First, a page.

Republican congressional leaders headed to the White House on Monday to draw up their plan for a new coronavirus stimulus plan as the pandemic continues to rage out of control on President Trump’s watch.
Senate Majority Leader Mitch McConnell (R-Ky.) and House GOP leader Rep. Kevin McCarthy (R-Calif.) met with Trump to hammer out a list of priorities, including a payroll tax cut that would benefit the wealthy and another round of checks to Americans.
Republicans want a slimmed-down extension of the enhanced unemployment payment that has kept the economy’s head above water for now as the pandemic wreaks havoc with American life in a presidential election year.
GOP lawmakers are cobbling together a spending plan with a price tag of about $1 trillion.
That’s a 10-digit splurge but still far less than the $3 trillion Heroes Act passed by the Democratic-led House several weeks ago. Speaker Nancy Pelosi (D-Calif.) is warning that any new plan must include hundreds of billions in aid to hard-hit cities and states like New York.
Trump is pushing back on plans to include $25 billion for coronavirus testing because he wants to hand over responsibility — and potential blame — for testing shortfalls to states.
The Republican plan also includes $75 billion to help with back-to-school efforts, which are shaping up as the next flashpoint in Trump’s effort to manage the presidency-defining coronavirus crisis.
Trump is insisting that back-to-school aid must be contingent on schools reopening for in-person classes, even though parents and teachers are jittery about returning to the classroom with COVID-19 still spreading out of control.
It’s not clear whether Republicans will go along with another huge stimulus, which some one-time fiscal conservatives see as another budget-busting giveaway to Democrats.
And it’s also far from a done deal that Pelosi and Senate Minority Leader Chuck Schumer (D-N.Y.) will cave to Republican demands given that many analysts believe Trump’s dwindling reelection hopes rest on boosting the economy as much and as quickly as possible.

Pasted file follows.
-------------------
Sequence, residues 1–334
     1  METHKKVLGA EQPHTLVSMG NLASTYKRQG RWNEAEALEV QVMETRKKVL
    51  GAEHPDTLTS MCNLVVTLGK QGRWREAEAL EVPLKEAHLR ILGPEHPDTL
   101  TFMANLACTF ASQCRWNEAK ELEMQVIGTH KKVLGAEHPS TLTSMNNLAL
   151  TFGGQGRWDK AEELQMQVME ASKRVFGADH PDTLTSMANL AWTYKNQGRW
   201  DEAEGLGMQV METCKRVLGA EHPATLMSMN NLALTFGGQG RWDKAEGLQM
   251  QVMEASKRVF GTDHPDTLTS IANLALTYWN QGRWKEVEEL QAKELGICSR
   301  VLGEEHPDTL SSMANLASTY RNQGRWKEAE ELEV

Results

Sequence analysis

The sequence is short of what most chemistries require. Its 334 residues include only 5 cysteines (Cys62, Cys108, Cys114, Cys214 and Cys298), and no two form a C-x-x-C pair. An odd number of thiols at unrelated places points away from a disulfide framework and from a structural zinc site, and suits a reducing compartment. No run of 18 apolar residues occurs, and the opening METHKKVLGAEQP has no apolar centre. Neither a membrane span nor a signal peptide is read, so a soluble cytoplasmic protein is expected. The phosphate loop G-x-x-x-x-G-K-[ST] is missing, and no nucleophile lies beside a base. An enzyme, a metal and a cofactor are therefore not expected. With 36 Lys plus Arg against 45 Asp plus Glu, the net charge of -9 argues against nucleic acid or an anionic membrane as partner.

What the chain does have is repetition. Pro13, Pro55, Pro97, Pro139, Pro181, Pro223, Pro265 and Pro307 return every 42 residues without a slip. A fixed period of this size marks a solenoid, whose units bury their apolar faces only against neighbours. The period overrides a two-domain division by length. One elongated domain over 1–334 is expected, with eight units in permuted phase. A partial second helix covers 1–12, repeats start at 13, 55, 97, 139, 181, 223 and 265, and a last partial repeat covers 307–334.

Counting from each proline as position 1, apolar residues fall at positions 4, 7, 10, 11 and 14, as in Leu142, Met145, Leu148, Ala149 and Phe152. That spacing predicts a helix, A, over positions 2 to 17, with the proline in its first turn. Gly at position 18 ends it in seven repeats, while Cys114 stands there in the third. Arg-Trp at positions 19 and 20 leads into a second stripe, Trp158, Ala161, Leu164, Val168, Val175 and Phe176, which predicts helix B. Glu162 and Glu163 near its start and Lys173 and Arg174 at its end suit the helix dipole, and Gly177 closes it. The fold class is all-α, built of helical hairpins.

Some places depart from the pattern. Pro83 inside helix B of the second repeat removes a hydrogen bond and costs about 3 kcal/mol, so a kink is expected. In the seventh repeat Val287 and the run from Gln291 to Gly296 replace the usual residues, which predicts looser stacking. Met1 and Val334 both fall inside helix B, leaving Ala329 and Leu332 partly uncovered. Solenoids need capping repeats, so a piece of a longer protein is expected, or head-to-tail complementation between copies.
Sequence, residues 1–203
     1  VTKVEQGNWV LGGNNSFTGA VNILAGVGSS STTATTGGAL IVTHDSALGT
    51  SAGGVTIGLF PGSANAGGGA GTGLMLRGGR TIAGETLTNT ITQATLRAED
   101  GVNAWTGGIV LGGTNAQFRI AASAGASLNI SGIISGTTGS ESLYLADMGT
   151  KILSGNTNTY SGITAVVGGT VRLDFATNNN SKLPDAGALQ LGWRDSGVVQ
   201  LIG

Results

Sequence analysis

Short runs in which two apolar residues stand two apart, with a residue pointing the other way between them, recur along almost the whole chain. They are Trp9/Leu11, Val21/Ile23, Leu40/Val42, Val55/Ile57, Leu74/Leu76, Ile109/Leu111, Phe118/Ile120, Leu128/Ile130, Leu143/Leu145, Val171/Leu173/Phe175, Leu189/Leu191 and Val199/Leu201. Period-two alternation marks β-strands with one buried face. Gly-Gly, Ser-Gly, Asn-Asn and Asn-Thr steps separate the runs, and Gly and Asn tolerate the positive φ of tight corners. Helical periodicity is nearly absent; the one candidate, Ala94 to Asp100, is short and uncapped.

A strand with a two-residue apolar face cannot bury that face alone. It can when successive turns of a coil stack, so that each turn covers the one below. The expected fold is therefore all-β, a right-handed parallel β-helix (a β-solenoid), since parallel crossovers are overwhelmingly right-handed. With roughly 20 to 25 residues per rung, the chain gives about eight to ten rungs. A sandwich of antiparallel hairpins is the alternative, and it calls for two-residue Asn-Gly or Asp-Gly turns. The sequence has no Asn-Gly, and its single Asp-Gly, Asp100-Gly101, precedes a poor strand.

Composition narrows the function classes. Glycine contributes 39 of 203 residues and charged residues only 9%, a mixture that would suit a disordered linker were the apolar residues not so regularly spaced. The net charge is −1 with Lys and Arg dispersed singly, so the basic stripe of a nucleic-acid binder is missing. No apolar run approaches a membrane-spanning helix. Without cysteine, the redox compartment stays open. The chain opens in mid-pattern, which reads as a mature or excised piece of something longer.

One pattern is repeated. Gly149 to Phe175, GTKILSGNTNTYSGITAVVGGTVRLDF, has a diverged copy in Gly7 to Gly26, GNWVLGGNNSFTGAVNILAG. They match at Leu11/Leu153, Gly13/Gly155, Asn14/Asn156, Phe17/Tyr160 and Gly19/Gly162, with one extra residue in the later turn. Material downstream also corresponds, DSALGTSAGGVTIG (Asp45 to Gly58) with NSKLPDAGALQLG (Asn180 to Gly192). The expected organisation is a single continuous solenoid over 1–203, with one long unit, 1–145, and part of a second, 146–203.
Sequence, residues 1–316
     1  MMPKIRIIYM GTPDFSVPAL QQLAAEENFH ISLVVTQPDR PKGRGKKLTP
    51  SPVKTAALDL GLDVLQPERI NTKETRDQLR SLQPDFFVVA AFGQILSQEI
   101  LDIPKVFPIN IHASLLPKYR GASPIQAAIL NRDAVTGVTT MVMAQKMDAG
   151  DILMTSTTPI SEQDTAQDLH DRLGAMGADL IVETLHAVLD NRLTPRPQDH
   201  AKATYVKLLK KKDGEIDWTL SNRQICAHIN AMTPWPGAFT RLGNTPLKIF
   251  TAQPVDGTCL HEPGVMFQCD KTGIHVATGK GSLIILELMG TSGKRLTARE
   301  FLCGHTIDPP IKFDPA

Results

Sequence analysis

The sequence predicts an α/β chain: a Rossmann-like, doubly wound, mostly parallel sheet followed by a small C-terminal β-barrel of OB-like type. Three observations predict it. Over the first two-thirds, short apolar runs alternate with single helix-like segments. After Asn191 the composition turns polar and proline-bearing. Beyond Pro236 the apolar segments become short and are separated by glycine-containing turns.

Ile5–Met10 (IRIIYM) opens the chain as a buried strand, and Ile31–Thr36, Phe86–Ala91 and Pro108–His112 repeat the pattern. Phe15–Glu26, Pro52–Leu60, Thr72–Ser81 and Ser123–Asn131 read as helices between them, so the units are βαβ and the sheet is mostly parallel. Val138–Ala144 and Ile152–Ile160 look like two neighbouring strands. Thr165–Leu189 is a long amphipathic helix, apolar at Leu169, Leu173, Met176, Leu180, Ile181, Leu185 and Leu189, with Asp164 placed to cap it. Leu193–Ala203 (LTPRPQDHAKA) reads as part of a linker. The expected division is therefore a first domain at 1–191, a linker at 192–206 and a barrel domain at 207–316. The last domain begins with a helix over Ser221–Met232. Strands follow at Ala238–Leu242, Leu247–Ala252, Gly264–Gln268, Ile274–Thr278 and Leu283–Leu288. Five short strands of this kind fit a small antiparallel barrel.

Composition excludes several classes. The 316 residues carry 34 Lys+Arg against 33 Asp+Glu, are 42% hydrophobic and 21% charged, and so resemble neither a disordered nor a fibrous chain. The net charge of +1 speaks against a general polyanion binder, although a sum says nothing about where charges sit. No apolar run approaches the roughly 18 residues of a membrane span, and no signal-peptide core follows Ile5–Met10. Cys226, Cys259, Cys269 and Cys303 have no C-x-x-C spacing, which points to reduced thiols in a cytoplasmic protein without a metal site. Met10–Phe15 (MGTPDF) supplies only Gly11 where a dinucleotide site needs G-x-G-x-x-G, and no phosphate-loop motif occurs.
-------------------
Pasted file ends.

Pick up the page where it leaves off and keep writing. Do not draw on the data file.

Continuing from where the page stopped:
Trump showed no signs of changing the finger-pointing and blame game that has been a hallmark of his management of the pandemic.
“It came from China, it should not have been allowed to get out, they could have stopped it,” Trump said during a press briefing alongside the GOP leaders.
He also vowed to resume his controversial daily coronavirus briefings, which were scrapped after his infamous suggestion to inject disinfectants as a defense against coronavirus.
Trump has flip-flopped from discounting the pandemic’s danger to agreeing to shut down the economy and back again. All the while, he has stubbornly refused to take charge and effectively passed the buck to governors.
The new round of political squabbling comes against the grim background of the still-spreading pandemic that could scupper any recovery hopes.
The death toll has passed 140,000 as the virus spreads like wildfire in the Sun Belt, mostly in Republican-run states that ignored public health guidelines to reopen their economy early and aggressively.
Trump and his Republican acolytes were hoping that they could reverse the stunning economic downturn that put tens of millions out of work. But the resurgent pandemic has forced even GOP leaders to consider reimposing restrictions.
The payroll tax cut, which primarily benefits the wealthy because they pay more federal tax on a weekly basis, is particularly controversial because Democrats would rather target finite resources at the poor and most vulnerable.
Pelosi and Schumer also bitterly oppose the liability shield, which they say will allow employers to skirt coronavirus safety rules with impunity.
Democrats also want hundreds of billions of dollars to go directly to states and cities that have borne the heaviest burden of fighting the pandemic. Trump and McConnell have derided that proposed aid as a wasteful “blue state bailout.”